Cincinnati Reds: The worst first-round draft pick in the last decade

SECAUCUS, NJ - JUNE 5: Representatives from all 30 Major League Baseball (Photo by Rich Schultz/Getty Images)
SECAUCUS, NJ - JUNE 5: Representatives from all 30 Major League Baseball (Photo by Rich Schultz/Getty Images) /

The Cincinnati Reds have had success with first-round picks who are on the club today, but have also missed out on potential stars in the first round.

Every young athlete in baseball someday dreams of being drafted into the Major Leagues. With 40 rounds of picks, many players find their dreams within reach. It isn’t always easy to predict the future of a player, but teams like the Cincinnati Reds have successes and busts.

Many familiar names have been drafted by the Cincinnati Reds over the last decade, specifically in the first round. Jessie Winker (49th, 2012), Phillip Ervin (27th, 2013), Michael Lorenzen (38th, 2013), and Alex Blandino (29th, 2014) have all made impacts for the Reds. Even players such as Mike Leake (8th, 2009) and Yasmani Grandal (12th, 2010), have gone on to have successful careers with other major league teams.

What fans don’t think about though are the draft busts. While there haven’t been many, one player in particular the last decade has not been able to make the jump.

More from Reds History

Selected in the supplemental first round of the 2012 Draft, outfielder Jeff Gelalich (59th overall) was a vital part of the UCLA Bruin baseball team that went to the College World Series in 2010 and 2012. In 159 games, Gelalich slugged 15 home runs, 74 RBI and 106 runs over a .316 batting average. While those aren’t amazing numbers, Gelalich was instrumental in consecutive PAC 12 Conference titles from 2011-12.

In his last season with UCLA, Gelalich secured First-Team All American honors along with all PAC 12 honors. He also led the team in most offensive categories and was Top-10 in the conference offensively. Selected 10 picks after now-starter Jessie Winker, Gelalich seems to have missed the window of opportunity.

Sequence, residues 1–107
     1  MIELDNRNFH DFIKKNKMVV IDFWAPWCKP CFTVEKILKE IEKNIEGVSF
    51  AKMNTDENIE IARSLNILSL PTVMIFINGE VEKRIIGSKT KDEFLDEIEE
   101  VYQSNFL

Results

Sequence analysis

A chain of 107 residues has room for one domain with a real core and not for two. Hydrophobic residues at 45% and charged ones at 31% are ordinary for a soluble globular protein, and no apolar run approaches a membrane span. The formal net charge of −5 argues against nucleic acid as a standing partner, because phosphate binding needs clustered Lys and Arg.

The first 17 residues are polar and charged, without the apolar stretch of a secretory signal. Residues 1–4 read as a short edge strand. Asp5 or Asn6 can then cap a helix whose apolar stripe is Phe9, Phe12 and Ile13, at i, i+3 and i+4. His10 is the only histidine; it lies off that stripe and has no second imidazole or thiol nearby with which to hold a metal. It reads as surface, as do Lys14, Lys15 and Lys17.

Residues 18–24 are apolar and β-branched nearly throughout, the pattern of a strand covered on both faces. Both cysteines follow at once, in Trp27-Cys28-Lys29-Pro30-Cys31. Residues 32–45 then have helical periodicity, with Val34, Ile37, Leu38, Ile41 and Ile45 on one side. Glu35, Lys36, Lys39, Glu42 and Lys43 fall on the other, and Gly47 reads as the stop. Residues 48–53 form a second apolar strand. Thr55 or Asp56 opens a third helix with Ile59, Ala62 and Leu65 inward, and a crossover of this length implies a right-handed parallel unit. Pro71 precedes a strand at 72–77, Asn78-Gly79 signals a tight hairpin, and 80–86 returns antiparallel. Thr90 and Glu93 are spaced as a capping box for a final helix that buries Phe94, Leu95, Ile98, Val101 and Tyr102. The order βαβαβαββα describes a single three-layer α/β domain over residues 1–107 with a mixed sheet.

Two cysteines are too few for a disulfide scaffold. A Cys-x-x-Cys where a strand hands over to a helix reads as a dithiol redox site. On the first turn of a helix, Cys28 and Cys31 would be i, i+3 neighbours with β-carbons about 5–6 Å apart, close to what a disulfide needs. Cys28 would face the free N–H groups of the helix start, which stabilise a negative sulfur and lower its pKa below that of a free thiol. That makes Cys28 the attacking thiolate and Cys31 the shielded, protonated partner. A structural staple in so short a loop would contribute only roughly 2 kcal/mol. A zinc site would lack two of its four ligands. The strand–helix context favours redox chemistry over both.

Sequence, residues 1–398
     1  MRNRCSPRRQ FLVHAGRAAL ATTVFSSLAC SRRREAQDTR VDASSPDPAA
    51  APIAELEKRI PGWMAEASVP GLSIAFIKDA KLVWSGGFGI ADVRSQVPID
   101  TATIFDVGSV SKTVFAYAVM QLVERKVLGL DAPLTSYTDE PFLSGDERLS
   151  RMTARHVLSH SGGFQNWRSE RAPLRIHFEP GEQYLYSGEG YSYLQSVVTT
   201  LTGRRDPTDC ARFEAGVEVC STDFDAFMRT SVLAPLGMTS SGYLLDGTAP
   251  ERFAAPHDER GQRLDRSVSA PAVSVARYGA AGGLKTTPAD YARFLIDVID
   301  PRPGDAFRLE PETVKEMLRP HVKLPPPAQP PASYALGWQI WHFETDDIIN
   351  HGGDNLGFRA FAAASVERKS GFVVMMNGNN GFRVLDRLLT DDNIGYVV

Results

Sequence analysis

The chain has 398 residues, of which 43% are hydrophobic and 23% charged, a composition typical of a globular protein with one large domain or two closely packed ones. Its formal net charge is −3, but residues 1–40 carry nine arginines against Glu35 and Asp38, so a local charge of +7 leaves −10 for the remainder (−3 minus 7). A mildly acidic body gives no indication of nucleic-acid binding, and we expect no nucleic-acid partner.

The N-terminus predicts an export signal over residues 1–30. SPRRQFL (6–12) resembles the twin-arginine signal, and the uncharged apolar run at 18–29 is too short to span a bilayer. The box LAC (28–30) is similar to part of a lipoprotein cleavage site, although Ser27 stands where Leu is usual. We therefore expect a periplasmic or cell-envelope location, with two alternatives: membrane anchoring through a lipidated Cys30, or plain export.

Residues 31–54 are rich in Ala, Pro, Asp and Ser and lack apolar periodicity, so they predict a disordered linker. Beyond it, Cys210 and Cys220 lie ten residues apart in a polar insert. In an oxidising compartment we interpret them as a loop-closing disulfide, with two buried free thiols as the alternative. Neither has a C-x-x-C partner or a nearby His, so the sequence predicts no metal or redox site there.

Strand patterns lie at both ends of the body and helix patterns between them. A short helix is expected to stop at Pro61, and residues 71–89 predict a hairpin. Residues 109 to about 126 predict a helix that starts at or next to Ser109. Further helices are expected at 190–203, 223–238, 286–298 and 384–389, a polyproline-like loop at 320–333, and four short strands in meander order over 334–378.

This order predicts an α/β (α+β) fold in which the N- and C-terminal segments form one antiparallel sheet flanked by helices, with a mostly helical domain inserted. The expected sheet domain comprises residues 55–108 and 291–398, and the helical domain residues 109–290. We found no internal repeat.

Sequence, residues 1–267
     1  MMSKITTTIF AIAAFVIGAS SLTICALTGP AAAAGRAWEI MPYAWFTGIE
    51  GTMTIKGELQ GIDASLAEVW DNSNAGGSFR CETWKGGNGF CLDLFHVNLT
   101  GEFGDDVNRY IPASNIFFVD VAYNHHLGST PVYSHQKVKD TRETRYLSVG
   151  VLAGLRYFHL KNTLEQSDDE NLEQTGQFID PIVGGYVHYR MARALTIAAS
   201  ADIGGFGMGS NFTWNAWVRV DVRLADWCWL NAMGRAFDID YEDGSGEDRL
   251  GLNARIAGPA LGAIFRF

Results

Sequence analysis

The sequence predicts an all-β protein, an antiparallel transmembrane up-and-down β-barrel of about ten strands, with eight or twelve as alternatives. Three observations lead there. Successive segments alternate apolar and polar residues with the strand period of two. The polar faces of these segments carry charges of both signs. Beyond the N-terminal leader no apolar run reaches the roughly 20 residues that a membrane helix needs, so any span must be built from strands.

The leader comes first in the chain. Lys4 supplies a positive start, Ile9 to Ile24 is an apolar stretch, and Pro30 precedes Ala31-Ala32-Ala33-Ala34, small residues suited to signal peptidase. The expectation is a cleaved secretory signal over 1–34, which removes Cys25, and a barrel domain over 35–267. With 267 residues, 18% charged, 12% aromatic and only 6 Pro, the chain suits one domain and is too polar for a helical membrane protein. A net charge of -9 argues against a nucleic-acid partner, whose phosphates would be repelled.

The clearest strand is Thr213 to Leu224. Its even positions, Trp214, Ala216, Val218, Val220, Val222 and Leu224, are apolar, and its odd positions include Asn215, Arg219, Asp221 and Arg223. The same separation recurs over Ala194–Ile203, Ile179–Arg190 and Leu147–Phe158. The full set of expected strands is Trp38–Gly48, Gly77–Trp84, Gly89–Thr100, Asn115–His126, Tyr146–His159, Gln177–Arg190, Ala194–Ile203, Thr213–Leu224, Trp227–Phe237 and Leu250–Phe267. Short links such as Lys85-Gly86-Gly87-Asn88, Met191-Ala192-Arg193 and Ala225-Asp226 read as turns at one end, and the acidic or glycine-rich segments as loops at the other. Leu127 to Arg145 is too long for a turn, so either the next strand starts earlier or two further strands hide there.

A Minor Mishap

Gelalich started his career with the Billings Mustangs and from there has been bouncing around the minors. Gelalich has spent time with the Dayton Dragons, Daytona Tortugas, Bakersfield Blaze, and Pensacola Blue Wahoos in the Reds’ farm system. His most productive season came in 2014 where it was split between Dayton and Bakersfield. Gelalich had a .238 average with 11 home runs, 49 RBI, and .365 slugging.

Other than that 2014 season, Gelalich has played with multiple teams since then and was finally released by the Cincinnati Reds in 2017.  After being picked up by the Chicago White Sox, he only continued to play Minor League ball. He was last assigned to the Winston-Salem Dash during the 2017 season. The farthest he made it was to the Triple-A Charlotte Knights where he only played five games.

His Show is Over

With the success of Winker in the outfield during his rookie season, one can only imagine the potential of Gelalich’s impact on the team. With his struggles in the minors, it reminds us that not every player has the talent or luck to make it in the show. Aside from Winker, the Reds have also struck gold with outfielder Phillip Ervin and star prospect Taylor Trammell, so their track record is pretty good from the draft so far.

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Gelalich isn’t the only draft bust on the Cincinnati Reds, let alone the league. The unfortunate part is that not every draftee rises through the ranks, let alone hits a road-block at their position. His potential out of college was high, but he could never make it to be league-consistent. It is for that reason, among others, that Gelalich is the biggest first-round draft bust for the Reds in the last decade.